Stock futures fall as Wall St. rollercoaster continues

Wall Street rebounded on Tuesday following President Trump's promise of aid to get the U.S. economy through the coronavirus outbreak

U.S. equity futures are trading limit down as the cycle of dramatic swings between gains and losses continues on Wall St.

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The major futures indexes are indicating a drop of 3.9 percent, or about 800 Dow points.

U.S. crude trading down 6.5 percent at $25.19.

Wall Street rebounded on Tuesday following President Trump's promise of aid to get the U.S. economy through the coronavirus outbreak.

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The White House proposal could approach $1 trillion in spending to ward off the pressure of business closures to contain the virus. The Federal Reserve announced more measures to keep financial markets operating.

On Tuesday, the benchmark S&P 500 index rose by an unusually wide daily margin of 6 percent, regaining just under half of the previous day's history-making loss.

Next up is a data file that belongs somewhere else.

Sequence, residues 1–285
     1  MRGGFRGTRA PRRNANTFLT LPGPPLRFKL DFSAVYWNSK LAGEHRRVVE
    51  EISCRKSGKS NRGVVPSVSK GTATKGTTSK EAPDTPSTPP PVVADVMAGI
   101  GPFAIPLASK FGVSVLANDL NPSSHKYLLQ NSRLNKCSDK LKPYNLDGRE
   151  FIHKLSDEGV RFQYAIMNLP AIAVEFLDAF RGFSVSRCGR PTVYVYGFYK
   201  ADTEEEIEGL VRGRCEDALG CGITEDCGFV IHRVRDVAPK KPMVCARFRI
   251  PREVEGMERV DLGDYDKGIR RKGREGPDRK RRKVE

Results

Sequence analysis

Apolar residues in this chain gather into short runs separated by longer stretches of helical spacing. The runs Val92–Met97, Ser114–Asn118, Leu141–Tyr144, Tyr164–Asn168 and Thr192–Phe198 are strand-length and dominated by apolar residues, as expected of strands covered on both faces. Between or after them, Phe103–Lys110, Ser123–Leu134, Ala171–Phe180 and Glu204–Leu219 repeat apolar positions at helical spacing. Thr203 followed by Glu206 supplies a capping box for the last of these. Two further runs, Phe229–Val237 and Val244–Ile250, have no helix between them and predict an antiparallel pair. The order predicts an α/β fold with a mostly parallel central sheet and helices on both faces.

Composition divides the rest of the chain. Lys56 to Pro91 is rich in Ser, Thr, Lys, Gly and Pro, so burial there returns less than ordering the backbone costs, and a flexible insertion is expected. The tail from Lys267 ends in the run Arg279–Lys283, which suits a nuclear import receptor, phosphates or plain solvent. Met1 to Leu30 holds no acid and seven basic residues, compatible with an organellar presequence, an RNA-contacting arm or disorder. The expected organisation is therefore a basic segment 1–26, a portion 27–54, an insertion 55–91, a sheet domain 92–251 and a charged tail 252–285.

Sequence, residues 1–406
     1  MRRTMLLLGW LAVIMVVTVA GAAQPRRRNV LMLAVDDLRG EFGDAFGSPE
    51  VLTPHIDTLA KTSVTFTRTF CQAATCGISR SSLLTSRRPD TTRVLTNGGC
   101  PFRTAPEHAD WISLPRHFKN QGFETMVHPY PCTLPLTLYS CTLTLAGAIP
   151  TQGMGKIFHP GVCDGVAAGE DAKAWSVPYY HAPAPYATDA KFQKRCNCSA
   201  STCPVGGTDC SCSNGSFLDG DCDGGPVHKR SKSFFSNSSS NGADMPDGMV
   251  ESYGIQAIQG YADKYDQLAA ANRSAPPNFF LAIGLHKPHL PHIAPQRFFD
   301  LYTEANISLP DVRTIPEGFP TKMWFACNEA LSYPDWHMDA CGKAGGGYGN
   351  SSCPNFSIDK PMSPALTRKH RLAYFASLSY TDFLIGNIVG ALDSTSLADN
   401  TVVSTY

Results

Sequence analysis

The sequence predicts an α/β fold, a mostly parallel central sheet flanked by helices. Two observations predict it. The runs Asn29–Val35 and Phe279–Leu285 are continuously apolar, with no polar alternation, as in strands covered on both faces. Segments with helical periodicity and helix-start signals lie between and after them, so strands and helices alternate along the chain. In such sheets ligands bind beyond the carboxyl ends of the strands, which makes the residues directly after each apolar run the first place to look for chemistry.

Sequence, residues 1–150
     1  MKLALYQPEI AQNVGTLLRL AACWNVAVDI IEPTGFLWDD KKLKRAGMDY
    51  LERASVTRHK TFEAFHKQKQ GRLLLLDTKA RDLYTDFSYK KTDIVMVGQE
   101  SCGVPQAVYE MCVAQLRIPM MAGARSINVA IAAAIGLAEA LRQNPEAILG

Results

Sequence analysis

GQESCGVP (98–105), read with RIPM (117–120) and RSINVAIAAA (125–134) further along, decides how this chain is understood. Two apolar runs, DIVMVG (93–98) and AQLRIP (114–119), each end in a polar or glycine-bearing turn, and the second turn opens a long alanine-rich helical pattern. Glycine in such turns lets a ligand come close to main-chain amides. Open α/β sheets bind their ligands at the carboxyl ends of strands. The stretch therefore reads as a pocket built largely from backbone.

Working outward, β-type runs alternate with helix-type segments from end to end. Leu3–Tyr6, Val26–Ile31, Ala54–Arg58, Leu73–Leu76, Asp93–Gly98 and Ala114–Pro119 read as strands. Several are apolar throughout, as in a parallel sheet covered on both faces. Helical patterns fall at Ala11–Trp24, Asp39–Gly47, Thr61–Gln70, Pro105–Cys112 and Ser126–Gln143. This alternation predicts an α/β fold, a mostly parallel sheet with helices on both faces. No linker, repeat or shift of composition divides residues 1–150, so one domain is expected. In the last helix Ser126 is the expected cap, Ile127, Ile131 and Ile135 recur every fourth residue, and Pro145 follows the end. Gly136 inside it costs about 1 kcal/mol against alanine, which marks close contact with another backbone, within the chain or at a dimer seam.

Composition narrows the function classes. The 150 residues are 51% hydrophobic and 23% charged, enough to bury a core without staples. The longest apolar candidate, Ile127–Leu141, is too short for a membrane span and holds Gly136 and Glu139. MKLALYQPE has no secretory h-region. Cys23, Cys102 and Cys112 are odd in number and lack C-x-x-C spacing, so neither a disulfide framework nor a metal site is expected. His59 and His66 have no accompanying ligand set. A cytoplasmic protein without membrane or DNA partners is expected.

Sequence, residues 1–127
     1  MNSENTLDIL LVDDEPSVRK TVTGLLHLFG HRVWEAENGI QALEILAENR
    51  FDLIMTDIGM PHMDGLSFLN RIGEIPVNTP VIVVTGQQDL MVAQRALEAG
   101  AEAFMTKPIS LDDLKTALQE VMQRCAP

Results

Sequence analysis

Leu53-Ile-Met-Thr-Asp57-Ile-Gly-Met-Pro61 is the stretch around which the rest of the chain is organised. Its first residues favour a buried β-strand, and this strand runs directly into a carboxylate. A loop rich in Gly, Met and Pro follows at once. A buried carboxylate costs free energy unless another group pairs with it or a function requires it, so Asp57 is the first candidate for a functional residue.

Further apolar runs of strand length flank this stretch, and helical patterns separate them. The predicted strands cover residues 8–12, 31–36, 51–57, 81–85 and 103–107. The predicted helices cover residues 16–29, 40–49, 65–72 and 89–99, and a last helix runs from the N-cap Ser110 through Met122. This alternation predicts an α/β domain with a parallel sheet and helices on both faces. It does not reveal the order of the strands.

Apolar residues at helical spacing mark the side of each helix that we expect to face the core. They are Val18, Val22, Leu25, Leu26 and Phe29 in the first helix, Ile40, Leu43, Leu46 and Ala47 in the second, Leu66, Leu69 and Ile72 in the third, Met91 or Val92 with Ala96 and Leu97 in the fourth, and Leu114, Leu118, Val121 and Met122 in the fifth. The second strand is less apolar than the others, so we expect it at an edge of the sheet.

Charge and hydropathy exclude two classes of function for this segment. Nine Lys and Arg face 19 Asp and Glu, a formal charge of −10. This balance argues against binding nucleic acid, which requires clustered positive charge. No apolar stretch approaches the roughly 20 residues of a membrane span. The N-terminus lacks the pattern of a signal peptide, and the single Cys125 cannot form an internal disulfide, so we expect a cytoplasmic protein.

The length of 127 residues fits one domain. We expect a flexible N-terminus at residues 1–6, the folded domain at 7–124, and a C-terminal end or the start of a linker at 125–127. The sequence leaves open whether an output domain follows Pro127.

TickerSecurityLastChangeChange %
I:DJIDOW JONES AVERAGES27657.42-244.56-0.88%
SP500S&P 5003319.47-37.54-1.12%
I:COMPNASDAQ COMPOSITE INDEX10793.28193-116.99-1.07%

Professional investors expect more big daily swings in both directions until the spreading virus is brought under control.

Treasury Secretary Steven Mnuchin said Trump wants to send checks to Americans in the next two weeks to help support them while more parts of the economy come closer to shutting down.

The proposal would include $250 billion for small businesses and $50 billion for airlines.

The measures are a good start but investors need to see the number of infections slow before markets can find a bottom, analysts said. The number of new cases reported in China, where the virus emerged in December, is declining but infections in the United States, Europe and elsewhere are increasing.

In European markets, London's FTSE fell 5.3 percent, Germany's DAX dropped 5.1 percent and France's CAC declined 5.8 percent.

In Asian markets, Japan's Nikkei fell 1.7 percent, Hong Kong's Hang Seng dropped 4 percent and China's Shanghai Composite declined 1.8 percent.

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On Tuesday, a report showed retail sales weakened in February, when economists had been expecting a gain.

The Associated Press contributed to this article.